Whilst these general requirements exist in Section 522, specific locations will have particular needs. For example, Part 7 details a range of installations where it will be necessary to take additional precautions when designing the electrical installation. Such locations will include for example, agricultural and horticultural locations, construction and demolition sites, caravan and camping parks, marinas, and similar locations. These locations have additional requirements over and above those detailed in Section 522.

When designing/installing systems and equipment, care should be exercised to ensure that not only the wiring system but that the associated accessories and electrical equipment is suitable for use and takes account of all the relevant environmental factors.

Shock risks

As most equipment installed outdoors is accessible to touch, there is an increased risk of electric shock for persons who are also in contact with the general mass of Earth.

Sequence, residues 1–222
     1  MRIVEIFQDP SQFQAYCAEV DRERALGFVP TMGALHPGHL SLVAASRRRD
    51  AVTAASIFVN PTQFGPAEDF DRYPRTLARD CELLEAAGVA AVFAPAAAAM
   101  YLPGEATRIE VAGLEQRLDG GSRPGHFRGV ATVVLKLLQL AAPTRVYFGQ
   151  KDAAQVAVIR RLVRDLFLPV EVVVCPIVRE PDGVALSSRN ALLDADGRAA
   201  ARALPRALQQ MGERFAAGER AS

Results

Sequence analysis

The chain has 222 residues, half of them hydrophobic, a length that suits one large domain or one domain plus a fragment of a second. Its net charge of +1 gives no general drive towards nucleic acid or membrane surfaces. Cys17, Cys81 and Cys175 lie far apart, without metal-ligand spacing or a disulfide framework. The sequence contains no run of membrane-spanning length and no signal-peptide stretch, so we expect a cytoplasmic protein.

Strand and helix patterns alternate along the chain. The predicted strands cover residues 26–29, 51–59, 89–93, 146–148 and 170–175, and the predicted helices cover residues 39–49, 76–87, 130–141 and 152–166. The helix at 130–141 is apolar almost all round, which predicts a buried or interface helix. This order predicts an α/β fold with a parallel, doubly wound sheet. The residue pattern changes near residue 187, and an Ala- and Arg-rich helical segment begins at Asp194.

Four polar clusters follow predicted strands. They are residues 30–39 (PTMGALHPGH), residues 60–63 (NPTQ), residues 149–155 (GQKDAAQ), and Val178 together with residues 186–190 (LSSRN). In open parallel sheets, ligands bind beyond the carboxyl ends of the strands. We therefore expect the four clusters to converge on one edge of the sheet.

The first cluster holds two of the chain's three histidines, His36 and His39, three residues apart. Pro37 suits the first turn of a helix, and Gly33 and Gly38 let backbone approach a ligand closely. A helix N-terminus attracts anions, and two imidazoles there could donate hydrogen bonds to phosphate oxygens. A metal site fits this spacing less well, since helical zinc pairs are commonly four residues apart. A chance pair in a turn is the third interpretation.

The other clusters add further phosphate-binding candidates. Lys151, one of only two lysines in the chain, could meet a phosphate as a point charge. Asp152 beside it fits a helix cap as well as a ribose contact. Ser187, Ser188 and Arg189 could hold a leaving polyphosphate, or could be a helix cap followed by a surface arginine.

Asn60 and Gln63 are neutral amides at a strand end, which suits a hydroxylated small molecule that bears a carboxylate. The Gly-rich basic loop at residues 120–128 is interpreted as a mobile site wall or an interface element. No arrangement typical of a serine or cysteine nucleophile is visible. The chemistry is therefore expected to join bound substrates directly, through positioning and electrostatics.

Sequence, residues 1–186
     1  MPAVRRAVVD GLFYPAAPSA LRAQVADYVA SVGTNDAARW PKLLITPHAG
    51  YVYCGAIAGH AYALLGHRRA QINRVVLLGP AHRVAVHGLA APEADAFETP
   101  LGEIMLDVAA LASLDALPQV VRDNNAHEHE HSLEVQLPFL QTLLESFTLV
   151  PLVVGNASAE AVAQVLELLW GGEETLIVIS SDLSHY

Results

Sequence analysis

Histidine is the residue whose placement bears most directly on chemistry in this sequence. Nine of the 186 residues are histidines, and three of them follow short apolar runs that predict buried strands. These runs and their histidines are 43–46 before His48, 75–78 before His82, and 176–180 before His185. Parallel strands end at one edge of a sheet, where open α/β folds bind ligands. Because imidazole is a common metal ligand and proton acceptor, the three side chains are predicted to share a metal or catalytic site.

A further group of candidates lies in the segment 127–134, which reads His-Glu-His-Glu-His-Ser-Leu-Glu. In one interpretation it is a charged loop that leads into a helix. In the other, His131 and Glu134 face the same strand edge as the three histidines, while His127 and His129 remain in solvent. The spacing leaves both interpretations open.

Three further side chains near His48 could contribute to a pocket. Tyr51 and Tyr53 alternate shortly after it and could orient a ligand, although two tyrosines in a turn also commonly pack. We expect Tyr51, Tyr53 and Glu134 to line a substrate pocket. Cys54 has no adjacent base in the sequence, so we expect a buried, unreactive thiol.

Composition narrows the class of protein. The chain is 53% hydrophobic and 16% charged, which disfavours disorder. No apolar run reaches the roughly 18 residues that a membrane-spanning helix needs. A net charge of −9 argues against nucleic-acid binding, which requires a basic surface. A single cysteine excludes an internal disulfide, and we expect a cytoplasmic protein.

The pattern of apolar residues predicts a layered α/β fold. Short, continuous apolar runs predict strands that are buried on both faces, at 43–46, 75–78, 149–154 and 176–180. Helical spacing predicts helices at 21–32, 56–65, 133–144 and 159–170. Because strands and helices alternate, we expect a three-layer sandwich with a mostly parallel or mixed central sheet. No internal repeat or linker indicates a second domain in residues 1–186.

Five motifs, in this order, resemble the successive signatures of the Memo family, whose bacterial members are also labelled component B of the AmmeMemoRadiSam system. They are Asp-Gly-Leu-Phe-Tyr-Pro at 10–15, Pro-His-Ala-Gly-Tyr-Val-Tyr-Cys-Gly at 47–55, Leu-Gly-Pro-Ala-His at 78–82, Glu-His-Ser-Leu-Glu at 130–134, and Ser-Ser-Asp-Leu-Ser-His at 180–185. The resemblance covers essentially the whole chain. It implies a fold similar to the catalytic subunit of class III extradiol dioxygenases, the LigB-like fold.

By way of a tragic example, on 11th September 2018, a young boy died whilst playing with a friend in a pub garden. The boy had sat on a light and touched a metal railing resulting in an electric shock that proved fatal. The local distribution board was found to be unearthed and there had been multiple warnings about the safety of the electrical installation.

The introduction of RCDs having a rated residual operating current not exceeding 30 mA into the UK wiring regulations, was to provide additional protection against electric shock. When there is a fault to earth, RCDs provide a faster way of disconnecting electric current than typical overcurrent protective devices such as fuses and circuit-breakers.